Algeria’s parliament to elect new interim president

Mass protests forced veteran ruler Abdelaziz Bouteflika to resign after 20 years

Thousands of demonstrators  rally in Algiers on  Friday after their movement forced out longtime President Abdelaziz Bouteflika. Photograph: Toufik Doudou/AP Photo

Thousands of demonstrators rally in Algiers on Friday after their movement forced out longtime President Abdelaziz Bouteflika. Photograph: Toufik Doudou/AP Photo

 

Algeria’s parliament on Tuesday will elect a new interim president, state news agency APS said at the weekend, after veteran ruler Abdelaziz Bouteflika resigned following mass protests.

Mr Bouteflika ended 20 years in power on Tuesday after a final nudge by the military, following six weeks of protests calling for democratic reforms after almost 60 years of monolithic rule by veterans of the 1954-62 independence war against France.

Under the constitution, both chambers of the assembly need to formally confirm the vacancy of the presidency and elect an upper house president to run the country on an interim basis for three months until elections.

The current upper house chairman Abdelkader Bensalah stands to become interim president as of now.

But he, like prime minister Nouredine Bedoui and Tayeb Belaiz, head of a Constitutional Council who had formally received Mr Bouteflika’s resignation, are facing pressure from protesters to quit as they are seen as close to the establishment.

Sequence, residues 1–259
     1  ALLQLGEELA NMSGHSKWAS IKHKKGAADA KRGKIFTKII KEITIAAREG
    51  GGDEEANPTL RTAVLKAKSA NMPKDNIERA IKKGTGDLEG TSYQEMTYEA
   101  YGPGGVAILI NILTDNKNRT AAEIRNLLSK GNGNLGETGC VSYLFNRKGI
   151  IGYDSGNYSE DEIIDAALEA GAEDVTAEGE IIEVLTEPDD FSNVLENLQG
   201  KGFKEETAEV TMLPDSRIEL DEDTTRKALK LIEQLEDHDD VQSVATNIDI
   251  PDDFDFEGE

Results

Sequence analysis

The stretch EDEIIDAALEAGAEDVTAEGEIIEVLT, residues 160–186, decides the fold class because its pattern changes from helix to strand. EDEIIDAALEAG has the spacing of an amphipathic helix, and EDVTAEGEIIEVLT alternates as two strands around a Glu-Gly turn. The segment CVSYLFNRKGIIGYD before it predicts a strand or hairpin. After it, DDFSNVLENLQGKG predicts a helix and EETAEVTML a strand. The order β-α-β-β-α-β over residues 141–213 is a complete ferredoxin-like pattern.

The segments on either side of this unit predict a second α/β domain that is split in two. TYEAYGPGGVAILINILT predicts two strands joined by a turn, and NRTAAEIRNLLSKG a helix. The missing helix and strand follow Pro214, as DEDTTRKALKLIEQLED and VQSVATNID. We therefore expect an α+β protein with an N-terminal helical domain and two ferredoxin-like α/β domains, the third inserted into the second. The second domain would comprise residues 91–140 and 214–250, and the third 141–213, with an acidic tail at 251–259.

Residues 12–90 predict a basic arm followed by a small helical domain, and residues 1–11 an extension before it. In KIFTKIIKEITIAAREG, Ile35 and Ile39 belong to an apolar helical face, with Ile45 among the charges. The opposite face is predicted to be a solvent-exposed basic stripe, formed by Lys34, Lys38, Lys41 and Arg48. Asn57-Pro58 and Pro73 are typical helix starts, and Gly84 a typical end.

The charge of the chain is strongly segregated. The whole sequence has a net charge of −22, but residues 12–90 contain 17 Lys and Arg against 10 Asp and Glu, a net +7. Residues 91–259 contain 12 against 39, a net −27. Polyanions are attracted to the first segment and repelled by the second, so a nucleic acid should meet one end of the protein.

Inner circle

Demonstrators want a completely new political landscape and they see the three as part of an old guard which helped keep Mr Bouteflika in power for 20 years.

In the weeks before Mr Bouteflika’s resignation, his inner circle was depleted by the resignation of several of his close allies from influential positions in politics and business.

Hundreds of thousands of protesters demanding radical change marched through Algiers for a seventh successive Friday, as Algeria’s spy chief was reportedly fired in a further sign of high-level turbulence after the veteran president resigned.

The demonstrators are pushing for the removal of what they see as an outdated and opaque political apparatus, built around the ruling party, army officers, businessmen, unions and veterans of a 1954-62 independence war against France.